In evaluating contacts of patients with tuberculosis who are initially tuberculin-negative, skin testing is repeated 12 wk later, because the delayed-type hypersensitivity response to mycobacterial antigens may not be detectable until this time. We found that repeat ELISPOTs and tuberculin skin tests showed the same results as initial tests in 84 to 86% of cases. Persons with initial positive and subsequent negative ELISPOT results may have transient infection that causes temporary T-cell reactivity to mycobacterial antigens. Initial negative and subsequent positive ELISPOT results may reflect the fact that T-cell reactivity to mycobacterial antigens does not occur immediately after infection, as with contacts who develop skin test conversion after an initial negative test. Among persons born in the United States with a low prevalence of prior LTBI, seven of nine ELISPOT conversions and five of seven tuberculin skin test conversions occurred in persons in the two highest contact score quartiles (compare and Table E1). This suggests that conversions resulted from recent infection by the index case. The odds ratio for having a positive initial or repeat ELISPOT was 3.9 in the highest contact score quartile, compared with 2.7 when only the initial ELISPOT results were used. The odds ratio for having a positive initial or repeat tuberculin skin test was 2.4 in the highest contact score quartile, compared with 1.9 when only the initial tuberculin skin test was used. Therefore, as with the tuberculin skin test, a repeat ELISPOT probably permits detection of additional cases of recent tuberculosis infection.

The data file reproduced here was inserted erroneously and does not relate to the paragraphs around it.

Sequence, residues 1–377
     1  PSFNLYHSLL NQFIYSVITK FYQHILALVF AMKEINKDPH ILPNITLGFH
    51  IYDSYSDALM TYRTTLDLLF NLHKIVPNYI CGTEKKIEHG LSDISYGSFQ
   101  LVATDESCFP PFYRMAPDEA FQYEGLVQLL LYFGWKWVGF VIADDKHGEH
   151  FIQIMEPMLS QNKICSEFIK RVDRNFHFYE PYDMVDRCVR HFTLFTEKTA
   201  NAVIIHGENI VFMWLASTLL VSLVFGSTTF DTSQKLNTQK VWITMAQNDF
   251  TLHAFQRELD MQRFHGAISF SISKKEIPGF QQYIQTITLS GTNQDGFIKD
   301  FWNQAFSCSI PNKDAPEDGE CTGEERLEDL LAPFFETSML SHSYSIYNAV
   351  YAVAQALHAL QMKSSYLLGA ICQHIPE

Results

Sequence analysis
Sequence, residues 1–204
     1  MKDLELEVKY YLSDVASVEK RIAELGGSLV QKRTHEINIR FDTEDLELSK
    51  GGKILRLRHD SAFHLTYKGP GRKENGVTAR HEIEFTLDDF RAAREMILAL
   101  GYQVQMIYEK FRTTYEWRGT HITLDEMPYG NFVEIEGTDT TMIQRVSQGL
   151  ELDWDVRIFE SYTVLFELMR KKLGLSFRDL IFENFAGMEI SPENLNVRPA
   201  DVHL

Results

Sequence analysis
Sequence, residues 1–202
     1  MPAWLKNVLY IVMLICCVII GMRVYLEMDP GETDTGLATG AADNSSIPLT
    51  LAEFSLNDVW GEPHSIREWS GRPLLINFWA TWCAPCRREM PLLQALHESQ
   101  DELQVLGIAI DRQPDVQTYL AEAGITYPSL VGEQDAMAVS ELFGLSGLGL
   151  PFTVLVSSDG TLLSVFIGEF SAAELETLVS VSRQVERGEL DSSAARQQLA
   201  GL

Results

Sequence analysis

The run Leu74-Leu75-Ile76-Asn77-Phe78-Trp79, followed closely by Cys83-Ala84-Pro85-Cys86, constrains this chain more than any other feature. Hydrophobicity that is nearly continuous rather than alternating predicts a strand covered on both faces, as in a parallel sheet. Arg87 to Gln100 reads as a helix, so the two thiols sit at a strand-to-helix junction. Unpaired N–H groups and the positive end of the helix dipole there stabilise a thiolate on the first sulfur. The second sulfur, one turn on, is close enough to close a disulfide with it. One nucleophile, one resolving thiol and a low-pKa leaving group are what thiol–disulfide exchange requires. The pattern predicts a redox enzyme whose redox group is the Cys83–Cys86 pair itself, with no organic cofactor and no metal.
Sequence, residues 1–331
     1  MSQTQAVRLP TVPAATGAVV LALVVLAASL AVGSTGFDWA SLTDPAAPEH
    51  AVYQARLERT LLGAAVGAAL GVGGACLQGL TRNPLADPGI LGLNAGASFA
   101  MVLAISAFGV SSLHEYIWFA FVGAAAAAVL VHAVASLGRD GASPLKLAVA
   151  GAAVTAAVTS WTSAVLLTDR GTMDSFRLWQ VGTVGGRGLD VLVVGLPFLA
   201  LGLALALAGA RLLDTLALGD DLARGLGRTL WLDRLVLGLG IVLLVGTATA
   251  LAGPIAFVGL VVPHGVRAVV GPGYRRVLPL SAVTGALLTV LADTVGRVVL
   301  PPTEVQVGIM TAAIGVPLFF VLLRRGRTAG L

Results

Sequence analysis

Most studies comparing the results of new blood tests for LTBI with those of tuberculin skin tests have evaluated results in groups of persons with differing risk of LTBI, on the basis of broad risk factors such as household contact with patients with tuberculosis, country of birth, and intravenous drug use (20